The anime version of Godzilla continues from where the first part ended, although this time, the non-Godzilla, non-battle aspect seems to be much improved. Let us take things from the beginning though.
Following the events of “Godzilla: Planet of the Monsters“, the Aratrum is unable to contact Haruo and the rest of the forces, after their encounter with the original Godzilla. The Captain orders that if drones do not find survivors by forty-eight hours, the Aratrum will withdraw from Earth. On the surface of the planet, Haruo and his companions make contact with the indigenous Houtua tribe, who, after a “to-know-us-better” that involves much violence, introduce themselves at their full glory, and even agree to help the “crusaders” in their effort to kill Godzilla.
Furthermore, in a search for nanometal instigated by Galu-gu, they discover the remains of Mechagodzilla, who has actually transformed into a city Galu-Gu dubs as “Mechagodzilla City”. Using nanometal technology, they come up with three robots to be flown by Haruo, Yuko, and Belu-be, and an intricate plan to capture and kill Godzilla. However, as the monster reawakens and comes towards the city, not everything goes as smoothly as planned and Haruo has a dire decision to make.
As I mentioned before, I found the progression of the story quite interesting, with the part where our protagonists are introduced to a tribe that seems to have taken a different genetic path towards humanity, quite interesting and definitely very intriguing. The fact that this race is led by religion provides another level to the debate between creed and science that started in the previous episode, with the presence of the military and their warmongering opinion becoming a third pole of interest in a rather intricate sociopolitical comment. The fact that the story seems to pin all three against each other is also very interesting, considering the “eternal” ties between religion and the military, as dictated by fundamentalism.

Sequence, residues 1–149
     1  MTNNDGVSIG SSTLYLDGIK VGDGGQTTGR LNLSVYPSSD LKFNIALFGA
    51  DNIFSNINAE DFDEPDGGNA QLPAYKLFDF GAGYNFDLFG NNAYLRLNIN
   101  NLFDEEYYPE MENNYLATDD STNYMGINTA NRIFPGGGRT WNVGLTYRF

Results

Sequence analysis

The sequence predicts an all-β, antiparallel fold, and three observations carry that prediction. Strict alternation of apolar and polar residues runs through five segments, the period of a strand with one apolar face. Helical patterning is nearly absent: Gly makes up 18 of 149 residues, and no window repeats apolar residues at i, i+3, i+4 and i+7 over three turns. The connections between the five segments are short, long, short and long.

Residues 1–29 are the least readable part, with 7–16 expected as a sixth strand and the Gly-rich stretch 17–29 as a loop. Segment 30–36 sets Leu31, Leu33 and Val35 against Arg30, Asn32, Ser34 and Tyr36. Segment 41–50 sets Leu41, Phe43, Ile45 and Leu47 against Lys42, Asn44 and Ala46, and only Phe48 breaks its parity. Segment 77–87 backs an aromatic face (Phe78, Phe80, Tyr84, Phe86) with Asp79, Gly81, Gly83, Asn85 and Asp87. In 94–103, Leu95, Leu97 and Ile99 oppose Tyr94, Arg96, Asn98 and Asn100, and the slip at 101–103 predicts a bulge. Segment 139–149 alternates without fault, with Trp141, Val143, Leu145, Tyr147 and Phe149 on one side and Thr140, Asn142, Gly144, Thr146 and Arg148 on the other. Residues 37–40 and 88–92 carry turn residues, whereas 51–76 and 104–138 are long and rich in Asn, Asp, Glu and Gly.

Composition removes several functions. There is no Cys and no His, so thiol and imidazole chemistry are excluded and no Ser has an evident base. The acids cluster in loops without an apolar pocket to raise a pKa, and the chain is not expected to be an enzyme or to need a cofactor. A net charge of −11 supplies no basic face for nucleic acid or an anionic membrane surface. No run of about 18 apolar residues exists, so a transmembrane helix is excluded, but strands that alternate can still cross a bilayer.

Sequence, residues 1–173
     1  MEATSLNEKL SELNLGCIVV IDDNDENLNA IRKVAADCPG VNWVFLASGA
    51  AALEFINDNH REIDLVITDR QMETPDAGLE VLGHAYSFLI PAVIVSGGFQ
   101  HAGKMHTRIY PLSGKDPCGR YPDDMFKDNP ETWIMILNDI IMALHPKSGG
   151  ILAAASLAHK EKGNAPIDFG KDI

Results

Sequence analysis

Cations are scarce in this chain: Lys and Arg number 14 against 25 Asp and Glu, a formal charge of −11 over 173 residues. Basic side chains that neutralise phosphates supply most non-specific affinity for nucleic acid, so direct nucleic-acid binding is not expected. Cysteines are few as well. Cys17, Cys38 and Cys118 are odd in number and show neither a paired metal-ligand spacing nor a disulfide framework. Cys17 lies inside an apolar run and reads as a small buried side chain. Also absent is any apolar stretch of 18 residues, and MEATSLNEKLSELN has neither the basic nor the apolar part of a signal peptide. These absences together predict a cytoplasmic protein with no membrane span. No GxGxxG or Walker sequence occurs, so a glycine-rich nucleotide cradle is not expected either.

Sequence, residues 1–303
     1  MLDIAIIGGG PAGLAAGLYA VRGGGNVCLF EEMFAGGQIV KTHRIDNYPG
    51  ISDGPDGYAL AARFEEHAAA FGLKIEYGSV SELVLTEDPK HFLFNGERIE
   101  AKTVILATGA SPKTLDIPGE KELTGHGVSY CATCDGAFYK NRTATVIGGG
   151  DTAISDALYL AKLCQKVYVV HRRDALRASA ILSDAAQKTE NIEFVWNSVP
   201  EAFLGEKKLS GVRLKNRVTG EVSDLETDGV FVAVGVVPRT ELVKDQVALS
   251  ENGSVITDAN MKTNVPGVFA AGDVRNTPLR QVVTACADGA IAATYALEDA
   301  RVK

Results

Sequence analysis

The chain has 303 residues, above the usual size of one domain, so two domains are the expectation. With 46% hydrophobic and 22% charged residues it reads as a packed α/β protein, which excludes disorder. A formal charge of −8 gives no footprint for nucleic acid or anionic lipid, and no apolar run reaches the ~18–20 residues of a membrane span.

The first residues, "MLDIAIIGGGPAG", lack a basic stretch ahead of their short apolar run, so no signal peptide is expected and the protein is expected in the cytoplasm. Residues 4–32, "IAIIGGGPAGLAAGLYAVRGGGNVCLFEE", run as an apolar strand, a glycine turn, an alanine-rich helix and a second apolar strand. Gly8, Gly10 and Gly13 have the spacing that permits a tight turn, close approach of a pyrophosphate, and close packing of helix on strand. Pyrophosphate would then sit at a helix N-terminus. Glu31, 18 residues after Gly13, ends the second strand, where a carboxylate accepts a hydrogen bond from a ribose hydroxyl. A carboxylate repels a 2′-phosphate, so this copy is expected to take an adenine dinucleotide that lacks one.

Furthermore, as the story progresses, a number of new plot twists are also revealed, while the presence of Mechagodzilla works quite well in the narrative, although I have to admit, I would prefer a battle between two huge creatures, similar to the one at “Godzilla vs Mechagodzilla. As we begin talking about action though, Kobun Shizuno and Hiroyuki Seshita continue to use the latest trend in the franchise, that has the monster appear late in the film, which actually strengthens its impact. The intricate battle plans are also here once more, as is the despair of having to fight a seemingly indestructible force.
The drawing is once again impressive, as it finds its apogee in Godzilla and Mechagodzilla City, but also at the premises of the Houtua, with the latter implementing a combination of eeriness and ritualism. The new characters are also interesting in their presentation, with the animation by Polygon Pictures being exceptional in highlighting their extreme physical abilities. The same prowess applies to the movement of all characters, monsters and mecha, with the technical aspect finding its apogee, once more, in the final battle.
“Godzilla: City on the Edge of Battle” is a great second part for the trilogy, which surpasses the first part almost in all aspects, while the progression of the story cannot but leave the audience hungry for more.